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Lewis : novus

novus, nŏvus, a, um, adj. Sanscr. navas; Gr. νέος, i. e. νεϝος ; cf.: noverca, nuntius, denuo, nuper; Germ. neu; Engl. new, new, not old, young, fresh, recent, etc. (v. antiquus init.; cf.: recens, novellus). Lit. In gen.: civitates condere novas, Cic. Rep. 1, 7, 12: nova et a nobis inventa ratio, id. ib. 1, 8, 13; cf.: nihil novi vobis afferam neque quod a me sit cogitatum aut inventum, id. ib. 1, 14, 21: novus veteri exercitus jungitur, Liv. 7, 7; cf. miles, Sall. J. 87, 2: imperator, id. ib. 44, 2: novum de integro proelium, Liv. 24, 16: Camillus, id. 22, 14: consules, Suet. Caes. 15: serpens, which has cast its old skin, Ov. M. 9, 266: caro, fresh meat, Juv. 11, 85.—Special phrases. Novae tabernae, or simply Novae (sub Novis), the new shops; many of the shops of the money-changers in the Forum were burned down A. U. C. 543, and those built on their sites were called Novae, those which remained standing Veteres (v. vetus), Liv. 26, 27; 3, 48: sub Novis, Cic. de Or. 2, 66, 266; cf.: sub Novis dicta pars in foro aedificiorum, quod vocabulum ei pervetustum, Varr. L. L. 6, § 59 Müll.

Novae tabulae, new account-books, by making which old debts were cancelled, Cic. Off. 2, 23, 84; id. Phil. 6, 4, 11; id. Att. 5, 21, 13; 14, 21, 4; Caes. B. C. 3, 1; 3, 21: tum Catilina polliceri tabulas novas, proscriptionem locupletium, Sall. C. 21, 2.—Hence, trop.: beneficiorum novae tabulae, i. e. forgetfulness of benefits, Sen. Ben. 1, 4, 6.

Novus homo, or homo novus, the first of his family who obtained a curule office, a man newly ennobled, an upstart, Cic. Off. 1, 39, 138: adeptus es, quod non multi homines novi, Cic. Fam. 5, 18, 1; cf.: in Q. Pompeio, novo homine et fortissimo viro, id. Mur. 7, 16 sq.: M. Catoni, homini ignoto et novo, id. Rep. 1, 1, 1; cf.: hic novus Arpinas, ignobilis, et modo Romae Municipalis eques, Juv. 8, 237: nova nupta, a bride, Juv. 2, 120.—Plur. subst.: nŏvi, ōrum, m., recent writers: est et quod appellatur a novis νόημα, Quint. 8, 5, 12: novorum lectio, id. 2, 5, 26; 5, 4, 1.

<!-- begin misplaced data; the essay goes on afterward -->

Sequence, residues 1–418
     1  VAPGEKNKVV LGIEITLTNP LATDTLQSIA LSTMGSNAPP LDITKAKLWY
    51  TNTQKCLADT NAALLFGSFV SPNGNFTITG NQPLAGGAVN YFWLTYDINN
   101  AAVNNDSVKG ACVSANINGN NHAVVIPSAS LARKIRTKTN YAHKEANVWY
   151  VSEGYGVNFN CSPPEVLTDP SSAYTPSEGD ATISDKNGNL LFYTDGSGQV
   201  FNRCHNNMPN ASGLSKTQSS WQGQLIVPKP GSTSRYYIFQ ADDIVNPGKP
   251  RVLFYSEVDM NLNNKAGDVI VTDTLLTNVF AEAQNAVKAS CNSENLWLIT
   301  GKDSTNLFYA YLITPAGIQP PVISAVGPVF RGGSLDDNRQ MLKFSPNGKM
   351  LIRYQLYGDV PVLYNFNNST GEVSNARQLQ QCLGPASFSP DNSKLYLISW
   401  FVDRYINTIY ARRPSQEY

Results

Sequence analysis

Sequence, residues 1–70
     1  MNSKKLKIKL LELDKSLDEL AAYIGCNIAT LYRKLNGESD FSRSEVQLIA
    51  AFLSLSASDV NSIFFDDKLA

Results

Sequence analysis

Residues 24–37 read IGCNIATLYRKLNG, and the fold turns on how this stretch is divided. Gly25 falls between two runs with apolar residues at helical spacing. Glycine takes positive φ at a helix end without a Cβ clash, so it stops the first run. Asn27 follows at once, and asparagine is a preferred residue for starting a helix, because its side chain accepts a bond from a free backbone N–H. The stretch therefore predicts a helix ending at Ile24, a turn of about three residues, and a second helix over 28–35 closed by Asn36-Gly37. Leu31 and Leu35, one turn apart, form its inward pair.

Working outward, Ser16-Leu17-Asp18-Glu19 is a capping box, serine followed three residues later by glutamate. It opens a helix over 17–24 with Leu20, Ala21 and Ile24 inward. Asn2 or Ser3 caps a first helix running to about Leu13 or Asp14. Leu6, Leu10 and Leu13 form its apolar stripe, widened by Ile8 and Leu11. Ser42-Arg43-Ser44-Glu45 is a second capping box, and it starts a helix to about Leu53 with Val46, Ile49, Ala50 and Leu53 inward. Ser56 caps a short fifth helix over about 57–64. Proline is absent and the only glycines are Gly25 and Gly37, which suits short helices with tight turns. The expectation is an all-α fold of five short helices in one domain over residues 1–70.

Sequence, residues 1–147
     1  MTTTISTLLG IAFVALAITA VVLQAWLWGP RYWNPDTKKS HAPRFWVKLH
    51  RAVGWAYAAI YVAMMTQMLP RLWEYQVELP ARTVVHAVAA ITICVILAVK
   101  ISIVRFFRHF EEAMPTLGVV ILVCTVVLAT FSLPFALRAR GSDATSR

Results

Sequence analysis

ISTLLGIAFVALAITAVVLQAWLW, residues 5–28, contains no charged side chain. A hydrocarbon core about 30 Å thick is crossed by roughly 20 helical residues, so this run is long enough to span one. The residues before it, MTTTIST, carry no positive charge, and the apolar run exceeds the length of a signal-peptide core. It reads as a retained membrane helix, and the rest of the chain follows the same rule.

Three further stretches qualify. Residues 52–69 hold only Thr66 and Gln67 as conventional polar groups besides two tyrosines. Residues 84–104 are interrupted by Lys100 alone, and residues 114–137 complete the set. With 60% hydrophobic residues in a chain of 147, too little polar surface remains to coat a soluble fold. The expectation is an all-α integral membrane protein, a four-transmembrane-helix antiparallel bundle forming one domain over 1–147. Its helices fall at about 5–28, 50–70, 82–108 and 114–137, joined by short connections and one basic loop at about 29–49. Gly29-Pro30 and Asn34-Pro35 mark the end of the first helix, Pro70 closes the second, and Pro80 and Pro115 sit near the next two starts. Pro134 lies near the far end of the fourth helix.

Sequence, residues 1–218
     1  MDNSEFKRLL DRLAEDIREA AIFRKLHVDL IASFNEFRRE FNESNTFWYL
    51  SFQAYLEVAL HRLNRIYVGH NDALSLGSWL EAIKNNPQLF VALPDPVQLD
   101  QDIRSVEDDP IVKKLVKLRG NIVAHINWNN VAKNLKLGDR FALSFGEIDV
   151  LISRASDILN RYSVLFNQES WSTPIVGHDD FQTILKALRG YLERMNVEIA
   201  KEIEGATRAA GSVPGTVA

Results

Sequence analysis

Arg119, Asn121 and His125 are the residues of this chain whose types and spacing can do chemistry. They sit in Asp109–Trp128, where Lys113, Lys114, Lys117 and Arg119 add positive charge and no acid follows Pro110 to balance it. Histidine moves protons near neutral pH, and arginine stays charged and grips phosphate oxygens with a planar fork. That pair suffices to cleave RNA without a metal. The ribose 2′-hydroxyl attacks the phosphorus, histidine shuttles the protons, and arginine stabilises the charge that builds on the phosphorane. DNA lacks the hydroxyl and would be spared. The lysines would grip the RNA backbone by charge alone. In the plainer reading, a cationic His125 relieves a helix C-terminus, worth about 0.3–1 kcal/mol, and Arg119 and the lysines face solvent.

Novae res, new things, novelties: nihil te ad me postea scripsisse demiror, praesertim tam novis rebus, Cic. Fam. 7, 18, 4.—Also subst.: nŏvum, i, n., a new thing, a novelty; news: novum attulerint, quod fit nusquam gentium, Plaut. Cas. prol. 70: num quidnam inquit novi? Cic. de Or. 2, 3, 13: si quid novi vel sero invenissem, Quint. 2, 5, 3.—Plur.: novorum interpositione priora confundere, Quint. 10, 3, 32; 8, 3, 60.—But, in gen., novae res signifies political innovations, a revolution: Q. Servilius Ahala Sp. Maelium novis rebus studentem manu suā occidit, Cic. Cat. 1, 1, 3: rerum novarum causam quaerere, id. Agr. 2, 33, 91: plebes novarum rerum cupida, Sall. C. 28, 4: cuncta plebes novarum rerum studio Catilinae incepta probabat, id. ib. 37, 1: novarum rerum avidi, id. J. 19, 1.—In a double sense: Segulium neglegamus, qui res novas quaerit: non quo veterem comederit—nullam enim habuit—sed hanc ipsam recentem novam devorārit, innovations and new wealth, Cic. Fam. 11, 21, 2.

In partic. New, novel, strange, singular, unusual, unheard of: flagitia ingentia, nova, capitalia, Ter. Ad. 4, 7, 3: nihil dicam aut inauditum vobis aut cuiquam novum, Cic. de Or. 1, 31, 137; cf.: novum crimen et ante hunc diem inauditum, id. Lig. 1, 1: nova tibi haec sunt et inopinata? id. Verr. 2, 2, 8, § 24; id. Att. 6, 1, 5: novam in feminā virtutem novo genere honoris donavere, Liv. 2, 13; Verg. A. 3, 591: nova monstra, Hor. C. 1, 2, 6: si res agi videtur nova, magna, atrox, Quint. 4, 1, 33.